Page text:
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How reliable are recession prediction models?

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  • Andrew J. Filardo
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    Abstract

    The U.S. economy continues to advance briskly, defying forecasts of more moderate growth. Beginning in March 1991, the current expansion has become the longest peacetime expansion on record and is less than a year away from becoming the longest in U.S. history. To the surprise of some observers, economic growth has been particularly robust late in the expansion. In fact, over the last three years growth has averaged 4 percent annually, and indicators of growth for the first half of 1999 show no signs of significant slowing.> Despite these positive signs, few analysts believe the expansion can go on forever. As the expansion continues to age, economists will increasingly be called on to predict the next recession. Recession prediction models may help them gauge the likelihood of imminent recession.> Filardo examines the reliability of five popular recession prediction models. He concludes that these models have demonstrated some ability in the past to predict recessions. When judiciously interpreted, the models can help resolve uncertainty about the possibility of future recession.

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    File URL: http://www.kansascityfed.org/publicat/econrev/PDF/2q99fila.pdf
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    Bibliographic Info

    Article provided by Federal Reserve Bank of Kansas City in its journal Economic Review.

    Volume (Year): (1999)
    Issue (Month): Q II ()
    Pages: 35-55

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    Handle: RePEc:fip:fedker:y:1999:i:qii:p:35-55:n:v.84no.2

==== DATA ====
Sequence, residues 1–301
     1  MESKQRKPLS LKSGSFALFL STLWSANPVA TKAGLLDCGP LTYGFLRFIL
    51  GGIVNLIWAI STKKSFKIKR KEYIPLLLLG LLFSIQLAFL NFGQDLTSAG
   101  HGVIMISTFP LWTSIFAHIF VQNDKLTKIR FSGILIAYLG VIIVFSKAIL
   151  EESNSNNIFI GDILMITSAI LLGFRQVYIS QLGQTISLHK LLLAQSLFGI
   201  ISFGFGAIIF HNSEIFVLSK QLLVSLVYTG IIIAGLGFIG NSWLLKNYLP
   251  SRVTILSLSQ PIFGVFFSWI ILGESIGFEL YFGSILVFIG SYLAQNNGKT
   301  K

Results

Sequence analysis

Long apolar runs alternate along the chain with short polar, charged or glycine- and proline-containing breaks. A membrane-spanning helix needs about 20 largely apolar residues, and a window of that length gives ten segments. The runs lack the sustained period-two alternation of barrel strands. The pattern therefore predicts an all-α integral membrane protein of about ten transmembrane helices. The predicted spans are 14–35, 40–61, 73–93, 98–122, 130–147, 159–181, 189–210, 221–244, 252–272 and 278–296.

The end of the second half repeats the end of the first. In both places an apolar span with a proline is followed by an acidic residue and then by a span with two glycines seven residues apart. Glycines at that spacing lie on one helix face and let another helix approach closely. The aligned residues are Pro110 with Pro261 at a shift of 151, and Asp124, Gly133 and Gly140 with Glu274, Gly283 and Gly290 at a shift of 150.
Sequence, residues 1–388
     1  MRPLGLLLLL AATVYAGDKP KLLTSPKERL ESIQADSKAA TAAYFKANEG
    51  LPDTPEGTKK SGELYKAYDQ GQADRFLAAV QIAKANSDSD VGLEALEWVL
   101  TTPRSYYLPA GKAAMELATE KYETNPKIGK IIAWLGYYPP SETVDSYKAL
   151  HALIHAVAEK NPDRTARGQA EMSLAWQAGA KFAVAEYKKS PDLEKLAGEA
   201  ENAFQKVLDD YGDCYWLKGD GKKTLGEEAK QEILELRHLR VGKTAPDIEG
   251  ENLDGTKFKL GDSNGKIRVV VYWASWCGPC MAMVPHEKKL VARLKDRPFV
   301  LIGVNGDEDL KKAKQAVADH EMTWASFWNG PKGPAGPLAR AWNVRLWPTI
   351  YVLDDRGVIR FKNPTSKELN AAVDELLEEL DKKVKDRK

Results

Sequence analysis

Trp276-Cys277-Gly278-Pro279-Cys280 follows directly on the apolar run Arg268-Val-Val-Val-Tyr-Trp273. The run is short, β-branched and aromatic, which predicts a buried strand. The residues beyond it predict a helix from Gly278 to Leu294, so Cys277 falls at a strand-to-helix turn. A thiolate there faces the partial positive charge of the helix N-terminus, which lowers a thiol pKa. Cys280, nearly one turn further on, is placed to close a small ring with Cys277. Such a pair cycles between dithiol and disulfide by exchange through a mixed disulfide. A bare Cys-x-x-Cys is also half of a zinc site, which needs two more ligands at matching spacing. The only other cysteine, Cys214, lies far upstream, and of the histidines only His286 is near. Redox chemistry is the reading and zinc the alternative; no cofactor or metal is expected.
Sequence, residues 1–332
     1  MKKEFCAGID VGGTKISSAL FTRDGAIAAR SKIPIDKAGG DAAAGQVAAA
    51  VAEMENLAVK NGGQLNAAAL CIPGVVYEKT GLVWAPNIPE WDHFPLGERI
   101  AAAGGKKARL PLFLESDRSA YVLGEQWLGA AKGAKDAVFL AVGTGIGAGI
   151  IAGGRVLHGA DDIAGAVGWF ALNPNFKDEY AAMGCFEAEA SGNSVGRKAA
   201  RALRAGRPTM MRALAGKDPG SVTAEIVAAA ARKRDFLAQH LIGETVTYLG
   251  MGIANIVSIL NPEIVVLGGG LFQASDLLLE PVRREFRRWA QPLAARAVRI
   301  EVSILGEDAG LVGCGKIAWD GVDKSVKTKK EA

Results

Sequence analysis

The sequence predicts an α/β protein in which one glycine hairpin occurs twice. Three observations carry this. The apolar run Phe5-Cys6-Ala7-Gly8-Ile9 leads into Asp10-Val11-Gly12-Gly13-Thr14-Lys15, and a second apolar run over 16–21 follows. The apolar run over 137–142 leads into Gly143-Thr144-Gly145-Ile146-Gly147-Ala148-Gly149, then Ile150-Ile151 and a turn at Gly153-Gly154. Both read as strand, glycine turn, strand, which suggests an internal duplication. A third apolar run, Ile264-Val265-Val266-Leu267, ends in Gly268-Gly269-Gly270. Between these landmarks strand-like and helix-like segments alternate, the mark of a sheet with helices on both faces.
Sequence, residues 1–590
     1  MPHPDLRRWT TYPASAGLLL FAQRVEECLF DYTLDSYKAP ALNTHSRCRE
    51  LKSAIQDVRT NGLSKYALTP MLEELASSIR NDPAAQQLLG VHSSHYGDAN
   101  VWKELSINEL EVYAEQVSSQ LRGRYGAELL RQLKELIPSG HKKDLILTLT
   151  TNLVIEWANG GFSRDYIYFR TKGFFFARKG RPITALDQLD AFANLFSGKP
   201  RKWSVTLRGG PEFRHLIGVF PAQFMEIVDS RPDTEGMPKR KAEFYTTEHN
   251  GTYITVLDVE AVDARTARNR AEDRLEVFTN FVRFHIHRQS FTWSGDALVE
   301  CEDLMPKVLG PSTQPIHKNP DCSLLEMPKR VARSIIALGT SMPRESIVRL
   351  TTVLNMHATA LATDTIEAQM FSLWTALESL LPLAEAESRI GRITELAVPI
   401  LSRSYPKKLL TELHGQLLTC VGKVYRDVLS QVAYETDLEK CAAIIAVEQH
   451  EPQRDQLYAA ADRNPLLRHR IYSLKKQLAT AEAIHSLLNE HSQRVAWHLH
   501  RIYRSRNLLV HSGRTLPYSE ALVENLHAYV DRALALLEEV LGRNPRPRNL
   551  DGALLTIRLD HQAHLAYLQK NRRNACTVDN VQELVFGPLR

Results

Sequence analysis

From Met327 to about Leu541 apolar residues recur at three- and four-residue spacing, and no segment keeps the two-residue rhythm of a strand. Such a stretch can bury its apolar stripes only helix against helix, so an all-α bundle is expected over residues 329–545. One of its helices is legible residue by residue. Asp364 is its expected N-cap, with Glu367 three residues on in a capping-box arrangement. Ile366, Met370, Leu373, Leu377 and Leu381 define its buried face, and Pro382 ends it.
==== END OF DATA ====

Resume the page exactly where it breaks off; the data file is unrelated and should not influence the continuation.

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    Related research

    Keywords: Recessions ; Forecasting;

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    Cited by:
    1. Österholm, Pär, 2012. "The limited usefulness of macroeconomic Bayesian VARs when estimating the probability of a US recession," Journal of Macroeconomics, Elsevier, vol. 34(1), pages 76-86.
    2. Mili, Mehdi & Sahut, Jean-Michel & Teulon, Frédéric, 2012. "Non linear and asymmetric linkages between real growth in the Euro area and global financial market conditions: New evidence," Economic Modelling, Elsevier, vol. 29(3), pages 734-741.
    3. Seip, Knut Lehre & McNown, Robert, 2007. "The timing and accuracy of leading and lagging business cycle indicators: A new approach," International Journal of Forecasting, Elsevier, vol. 23(2), pages 277-287.
    4. Maximo Camacho & Gabriel Perez-Quiros, 2000. "This Is What The Leading Indicators Lead," Computing in Economics and Finance 2000 132, Society for Computational Economics.
    5. Marco Del Negro, 2001. "Turn, turn, turn: Predicting turning points in economic activity," Economic Review, Federal Reserve Bank of Atlanta, issue Q2, pages 1-12.
    6. Qi, Min, 2001. "Predicting US recessions with leading indicators via neural network models," International Journal of Forecasting, Elsevier, vol. 17(3), pages 383-401.
    7. Ahrens, R., 2002. "Predicting recessions with interest rate spreads: a multicountry regime-switching analysis," Journal of International Money and Finance, Elsevier, vol. 21(4), pages 519-537, August.
    8. McNown, Robert & Seip, Knut Lehre, 2011. "Periods and structural breaks in US economic history 1959-2007," Journal of Policy Modeling, Elsevier, vol. 33(2), pages 169-182, March.
    9. Khurshid Kiani, 2011. "Fluctuations in Economic and Activity and Stabilization Policies in the CIS," Computational Economics, Society for Computational Economics, vol. 37(2), pages 193-220, February.

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